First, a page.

The world is in need of more humane and effective leaders. By providing students with the widest cultural, professional and personal growth opportunities, we empower them to expand their vision, test and develop their potential, and gain the confidence and perspective to do so for others.


Thomas J. Watson

Raised in rural upstate New York, Thomas J. Watson Sr. was best known for building IBM from its formation in 1914 until his passing in 1956. Now over a century old, IBM's teams built the American social security system, guided the first human flight to the moon, and re-invented cancer treatment. The Thomas J. Watson Research Center includes twelve labs on six continents and has produced six nobel laureates.

a picture of Thomas J Watson Senior

Thomas J. Watson, Sr.

Beyond Technology

Tom's work extended beyond technology to education, world affairs and the arts. He was a trustee of Columbia University from 1933 until 1956 and President of the International Chamber of Commerce from 1937-39. The Metropolitan Museum of Art's Watson Library is one of the world's most comprehensive art history resources.

Upon Tom's passing, Jeannette, his wife of 43 years, was appointed to IBM's board of directors. She was one of the first women to assume this role in a public company.

photo of Albrecht Dürer's book at the Watson Library at the Met

Albrecht Dürer's Manual on Geometric Theory (1535) from the Watson Library at the Metropolitan Museum of Art

The Foundation

In 1961, in Tom's honor, Jeannette created the Thomas J. Watson Foundation as a charitable trust. In 1968, their children, Helen (Buckner), Jane (Irwin), and Arthur and Thomas J. Watson, Jr., created the Thomas J. Watson Fellowship to focus the foundation's work. The program's goal was to provide graduating college students with a year to "explore with thoroughness a particular interest, test their aspirations and abilities, view their lives and American society in greater perspective and, concomitantly, develop a more informed sense of international concern". Those goals have stayed unchanged for over half a century.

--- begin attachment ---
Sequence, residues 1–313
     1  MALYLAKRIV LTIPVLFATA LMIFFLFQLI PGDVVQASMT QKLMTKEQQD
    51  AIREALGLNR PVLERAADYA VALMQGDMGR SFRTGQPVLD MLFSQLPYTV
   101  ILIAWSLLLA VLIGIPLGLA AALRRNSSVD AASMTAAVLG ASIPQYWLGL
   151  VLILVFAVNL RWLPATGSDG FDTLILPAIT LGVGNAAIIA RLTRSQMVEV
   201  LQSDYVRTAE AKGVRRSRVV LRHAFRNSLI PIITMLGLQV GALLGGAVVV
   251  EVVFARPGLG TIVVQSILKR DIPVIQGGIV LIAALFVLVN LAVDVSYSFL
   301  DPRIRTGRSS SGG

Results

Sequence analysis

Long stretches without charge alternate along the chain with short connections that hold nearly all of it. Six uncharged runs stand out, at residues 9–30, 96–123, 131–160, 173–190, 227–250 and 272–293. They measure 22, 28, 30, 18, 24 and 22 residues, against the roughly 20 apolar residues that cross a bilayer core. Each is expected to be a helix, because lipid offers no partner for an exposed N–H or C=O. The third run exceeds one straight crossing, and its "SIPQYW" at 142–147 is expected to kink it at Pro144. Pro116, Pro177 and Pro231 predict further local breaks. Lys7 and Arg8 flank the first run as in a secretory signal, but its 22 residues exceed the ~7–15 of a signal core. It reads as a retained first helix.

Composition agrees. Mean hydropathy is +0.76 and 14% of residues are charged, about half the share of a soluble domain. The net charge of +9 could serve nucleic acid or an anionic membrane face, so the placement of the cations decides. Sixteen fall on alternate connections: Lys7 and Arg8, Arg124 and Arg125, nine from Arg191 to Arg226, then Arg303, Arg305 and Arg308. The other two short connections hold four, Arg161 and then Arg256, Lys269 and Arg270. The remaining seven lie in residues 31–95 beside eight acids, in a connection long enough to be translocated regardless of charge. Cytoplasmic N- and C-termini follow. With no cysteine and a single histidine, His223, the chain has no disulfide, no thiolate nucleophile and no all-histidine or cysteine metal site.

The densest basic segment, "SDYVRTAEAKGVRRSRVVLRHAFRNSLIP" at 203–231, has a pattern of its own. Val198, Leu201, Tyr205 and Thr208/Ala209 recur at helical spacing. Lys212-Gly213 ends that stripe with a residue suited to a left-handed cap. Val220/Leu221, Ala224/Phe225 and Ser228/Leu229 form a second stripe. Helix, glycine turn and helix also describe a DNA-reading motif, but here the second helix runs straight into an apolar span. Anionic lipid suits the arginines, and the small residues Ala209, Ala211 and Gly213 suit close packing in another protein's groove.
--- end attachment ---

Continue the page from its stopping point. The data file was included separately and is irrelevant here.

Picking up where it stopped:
photo of Watson Fellow Natalie Truong

Natalie Truong (W'12) A political science and english major, Natalie examined political speechwriting in open and closed communities in India, Singapore, Vietnam and Australia

In 1999, the Jeannette K. Watson Fellowship was created to engage undergraduate students earlier in their college career and for a longer duration, exposing them to the world of work through challenging, cross sector internships and mentorship. 

The two programs resided in different cities -- Providence and New York -- until 2006 when the board united them in New York.

a picture of Jeannette K. Watson

Jeannette K. Watson

Past Directors

Thomas J. Watson Fellowship

From 1977-2012 Watson Fellows served 2-3 year terms as the program's director.

  • 2011-

    Chris Kasabach
  • 2008-2011

    Cleveland Johnson
  • 2006-2008

    Rosemary Macedo
  • 2003-2006

    Beverly J. Larson
  • 2001-2003

    Norv Brasch
  • 1999-2001

    Tori Haring-Smith
  • 1997-1999

    Noreen C. Tuross
  • 1995-1997

    William F. L. Moses
  • 1993-1995

    James A. Lehman
  • 1991-1993

    Mary E. Brooner
  • 1989-1991

    Steven V. Licata
  • 1987-1989

    Martin A. Brody
  • 1985-1987

    Nancy Y. Bekavac
  • 1983-1985

    Joseph V. Long, III
  • 1981-1983

    Jeanne C. Olivier
  • 1979-1981

    David C. Summers
  • 1977-1979

    John C. Elder
  • 1972-1977

    Daniel L. Arnaud
  • 1968-1972

    Robert O. Schulze, Founding Director
Jeannette K. Watson Fellowship
  • 2006-2012

    Frank Wolf
  • 1999-2006

    Alice Ilch­man, Found­ing Director